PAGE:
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The same 2003 law that gave seniors Medicare prescription drug benefits also dramatically expanded their options to join private health plans. The idea was that private plans would spend Medicare dollars more efficiently and save taxpayers' money.
But as NPR's Julie Rovner reports, those savings haven't materialized, and now some lawmakers are calling for cuts.
JULIE ROVNER: Mark McClellan, who recently stepped down as head of the Medicare program, is a big believer in the power of private managed care plans to improve both the health of Medicare's patients and its long-term finances. He says these so-called Medicare Advantage plans are working.
Dr. MARK McCLELLAN (Administrator, Centers for Medicare and Medicaid Services): They are achieving higher rates of use of preventive services, improving compliance to prevent complications of chronic diseases, keeping beneficiaries healthier.
ROVNER: Private health insurance plans had been part of Medicare since the 1970s, and payments the government makes to those plans have varied. At one point, plans were paid 95 percent of what the average patient cost in tradional government-run Medicare. The theory was that if the plans really were more efficient, they should be able to provide quality care for less money.
Really efficient plans would even have money leftover to provide extra benefits, like coverage of eyeglasses or hearing aids that regular Medicare didn't cover. Republicans who wrote the 2003 Medicare law hoped to get more insurance companies to offer those private plans, so they boosted the payments. Congressional Budget Office director Peter Orszag reported the result to the House Budget Committee yesterday.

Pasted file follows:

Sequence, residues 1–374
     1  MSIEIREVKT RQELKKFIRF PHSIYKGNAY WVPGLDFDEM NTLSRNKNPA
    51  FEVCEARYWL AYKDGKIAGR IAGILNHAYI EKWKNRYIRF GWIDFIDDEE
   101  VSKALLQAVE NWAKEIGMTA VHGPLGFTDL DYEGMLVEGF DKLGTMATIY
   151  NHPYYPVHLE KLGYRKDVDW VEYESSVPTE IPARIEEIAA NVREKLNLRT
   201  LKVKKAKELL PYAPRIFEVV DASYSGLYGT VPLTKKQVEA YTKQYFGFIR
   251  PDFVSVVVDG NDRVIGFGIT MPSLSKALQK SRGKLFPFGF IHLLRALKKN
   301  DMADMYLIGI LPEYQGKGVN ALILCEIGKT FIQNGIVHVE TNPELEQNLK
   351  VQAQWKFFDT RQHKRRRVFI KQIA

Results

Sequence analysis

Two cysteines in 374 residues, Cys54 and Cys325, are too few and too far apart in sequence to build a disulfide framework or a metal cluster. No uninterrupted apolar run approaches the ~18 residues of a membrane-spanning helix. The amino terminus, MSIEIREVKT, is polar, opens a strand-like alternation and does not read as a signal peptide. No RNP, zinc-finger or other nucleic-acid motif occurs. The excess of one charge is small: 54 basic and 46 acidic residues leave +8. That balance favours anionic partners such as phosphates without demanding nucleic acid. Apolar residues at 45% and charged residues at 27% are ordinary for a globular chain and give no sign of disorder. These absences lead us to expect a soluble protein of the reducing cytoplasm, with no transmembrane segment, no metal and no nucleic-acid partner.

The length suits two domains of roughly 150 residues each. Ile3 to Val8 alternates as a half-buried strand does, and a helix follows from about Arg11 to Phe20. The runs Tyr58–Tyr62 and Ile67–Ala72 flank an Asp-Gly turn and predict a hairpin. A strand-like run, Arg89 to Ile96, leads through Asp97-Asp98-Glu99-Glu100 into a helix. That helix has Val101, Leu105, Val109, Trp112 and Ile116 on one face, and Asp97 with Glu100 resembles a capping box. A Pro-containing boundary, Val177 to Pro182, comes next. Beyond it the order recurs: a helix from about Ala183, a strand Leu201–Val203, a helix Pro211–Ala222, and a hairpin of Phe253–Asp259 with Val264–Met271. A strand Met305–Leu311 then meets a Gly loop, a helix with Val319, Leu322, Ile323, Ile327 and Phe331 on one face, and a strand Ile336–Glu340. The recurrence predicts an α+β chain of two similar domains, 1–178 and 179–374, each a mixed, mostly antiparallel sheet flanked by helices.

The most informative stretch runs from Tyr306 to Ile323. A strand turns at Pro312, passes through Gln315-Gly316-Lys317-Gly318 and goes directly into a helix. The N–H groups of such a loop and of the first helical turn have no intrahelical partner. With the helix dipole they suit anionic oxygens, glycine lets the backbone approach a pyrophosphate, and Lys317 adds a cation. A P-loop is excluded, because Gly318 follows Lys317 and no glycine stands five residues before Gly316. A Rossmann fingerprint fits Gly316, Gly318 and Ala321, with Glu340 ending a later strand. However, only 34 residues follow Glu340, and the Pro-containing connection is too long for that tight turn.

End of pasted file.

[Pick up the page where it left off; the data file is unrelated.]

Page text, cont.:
Mr. PETER ORSZAG (Director, Congressional Budget Office): The Medicare's payments for beneficiaries enrolled in Medicare Advantage Plans are higher on average than what the program would spend if those beneficiaries were in the traditional fee for service program.
ROVNER: In fact, the cost for those private plans averaged 12 percent higher. Put another way, the nearly one in five Medicare patient who were enrolled in of those private insurance plans each cost taxpayers an extra thousand dollars a year. And Mark Miller, executive director of the Medicare Payment Advisory Commission, reminded lawmakers that not all of that extra money goes to the patients.
Mr. MARK MILLER (Executive Director, Medicare Payment Advisory Commission): Part of those dollars go to admin, marketing and profit.
ROVNER: At the same time, said Patricia Neuman of the Kaiser Family Foundation, while the private plans' main selling point is that they save beneficiaries' money, that's not always the case either.
Ms. PATRICIA NEUMAN (Kaiser Family Foundation): Some Medicare Advantage Plans impose daily hospital co-pays, daily co-pays for home health visits, and daily co-payments for the first several days in a skilled nursing facility, unlike traditional Medicare.
ROVNER: Meanwhile, said budget director Orszag, Medicare could save money, a lot of money, if Congress simply reduce private-plan payments back to the same amount that government spend on the average patient in traditional Medicare.
Mr. ORSZAG: That policy would reduce spending by $54 billion over the next five years, and $150 billion over the next 10 years.
ROVNER: Democrats are already eyeing those billions of dollars. Instead of giving it to private health insurance companies, they'd like to spend it to expand the State Children's Health Insurance Program.
But Republicans like Paul Ryan of Wisconsin say that would be a mistake.
Representative PAUL RYAN (Republican, Wisconsin): And given that this is the Budget Committee, I think we ought to, at least, entertain the notion that if we're going to create savings in some program, we ought to actually save the money. Taking from one entitlement just to expand another one will not address any budgetary concerns.
ROVNER: Democrats are also running into resistance from the insurance industry, which likes its profits, and from President Bush. The children's health bill and the Medicare cuts expected to pay for it, are likely to come up next month.
Julie Rovner, NPR News, Washington.